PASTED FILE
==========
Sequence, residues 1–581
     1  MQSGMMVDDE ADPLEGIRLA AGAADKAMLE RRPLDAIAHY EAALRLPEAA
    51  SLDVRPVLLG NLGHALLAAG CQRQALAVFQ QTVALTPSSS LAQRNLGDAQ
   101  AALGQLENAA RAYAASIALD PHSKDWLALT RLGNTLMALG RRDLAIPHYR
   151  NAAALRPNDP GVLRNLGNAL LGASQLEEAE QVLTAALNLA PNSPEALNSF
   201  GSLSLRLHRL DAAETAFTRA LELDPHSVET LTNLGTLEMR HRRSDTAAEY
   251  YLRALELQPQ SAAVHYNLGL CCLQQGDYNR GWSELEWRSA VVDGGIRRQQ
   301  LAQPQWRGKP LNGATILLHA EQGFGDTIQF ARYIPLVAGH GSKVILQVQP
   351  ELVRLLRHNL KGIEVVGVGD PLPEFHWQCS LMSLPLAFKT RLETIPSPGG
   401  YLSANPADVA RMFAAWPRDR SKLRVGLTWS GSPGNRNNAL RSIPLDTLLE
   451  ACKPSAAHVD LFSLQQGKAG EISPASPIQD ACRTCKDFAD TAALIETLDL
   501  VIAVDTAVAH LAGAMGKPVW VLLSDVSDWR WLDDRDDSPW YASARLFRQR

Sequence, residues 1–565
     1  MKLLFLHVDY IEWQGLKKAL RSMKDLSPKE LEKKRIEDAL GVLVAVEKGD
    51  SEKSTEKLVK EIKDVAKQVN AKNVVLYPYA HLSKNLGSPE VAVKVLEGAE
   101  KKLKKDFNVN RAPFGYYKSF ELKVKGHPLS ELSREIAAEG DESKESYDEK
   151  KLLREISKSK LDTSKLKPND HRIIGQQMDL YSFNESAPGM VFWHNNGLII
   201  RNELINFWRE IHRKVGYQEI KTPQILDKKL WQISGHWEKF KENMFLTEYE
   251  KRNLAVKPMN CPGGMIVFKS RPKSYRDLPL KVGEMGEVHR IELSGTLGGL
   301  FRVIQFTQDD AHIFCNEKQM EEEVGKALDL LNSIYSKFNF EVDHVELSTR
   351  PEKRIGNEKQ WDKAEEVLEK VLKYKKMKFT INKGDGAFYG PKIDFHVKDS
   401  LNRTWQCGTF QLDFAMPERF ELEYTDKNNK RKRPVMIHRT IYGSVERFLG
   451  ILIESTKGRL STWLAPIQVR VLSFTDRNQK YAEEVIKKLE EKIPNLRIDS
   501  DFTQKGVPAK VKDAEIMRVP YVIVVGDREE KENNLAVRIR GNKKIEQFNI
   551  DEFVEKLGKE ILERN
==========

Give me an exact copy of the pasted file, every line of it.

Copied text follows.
Sequence, residues 1–581
     1  MQSGMMVDDE ADPLEGIRLA AGAADKAMLE RRPLDAIAHY EAALRLPEAA
    51  SLDVRPVLLG NLGHALLAAG CQRQALAVFQ QTVALTPSSS LAQRNLGDAQ
   101  AALGQLENAA RAYAASIALD PHSKDWLALT RLGNTLMALG RRDLAIPHYR
   151  NAAALRPNDP GVLRNLGNAL LGASQLEEAE QVLTAALNLA PNSPEALNSF
   201  GSLSLRLHRL DAAETAFTRA LELDPHSVET LTNLGTLEMR HRRSDTAAEY
   251  YLRALELQPQ SAAVHYNLGL CCLQQGDYNR GWSELEWRSA VVDGGIRRQQ
   301  LAQPQWRGKP LNGATILLHA EQGFGDTIQF ARYIPLVAGH GSKVILQVQP
   351  ELVRLLRHNL KGIEVVGVGD PLPEFHWQCS LMSLPLAFKT RLETIPSPGG
   401  YLSANPADVA RMFAAWPRDR SKLRVGLTWS GSPGNRNNAL RSIPLDTLLE
   451  ACKPSAAHVD LFSLQQGKAG EISPASPIQD ACRTCKDFAD TAALIETLDL
   501  VIAVDTAVAH LAGAMGKPVW VLLSDVSDWR WLDDRDDSPW YASARLFRQR

Sequence, residues 1–565
     1  MKLLFLHVDY IEWQGLKKAL RSMKDLSPKE LEKKRIEDAL GVLVAVEKGD
    51  SEKSTEKLVK EIKDVAKQVN AKNVVLYPYA HLSKNLGSPE VAVKVLEGAE
   101  KKLKKDFNVN RAPFGYYKSF ELKVKGHPLS ELSREIAAEG DESKESYDEK
   151  KLLREISKSK LDTSKLKPND HRIIGQQMDL YSFNESAPGM VFWHNNGLII
   201  RNELINFWRE IHRKVGYQEI KTPQILDKKL WQISGHWEKF KENMFLTEYE
   251  KRNLAVKPMN CPGGMIVFKS RPKSYRDLPL KVGEMGEVHR IELSGTLGGL
   301  FRVIQFTQDD AHIFCNEKQM EEEVGKALDL LNSIYSKFNF EVDHVELSTR
   351  PEKRIGNEKQ WDKAEEVLEK VLKYKKMKFT INKGDGAFYG PKIDFHVKDS
   401  LNRTWQCGTF QLDFAMPERF ELEYTDKNNK RKRPVMIHRT IYGSVERFLG
   451  ILIESTKGRL STWLAPIQVR VLSFTDRNQK YAEEVIKKLE EKIPNLRIDS
   501  DFTQKGVPAK VKDAEIMRVP YVIVVGDREE KENNLAVRIR GNKKIEQFNI
   551  DEFVEKLGKE ILERN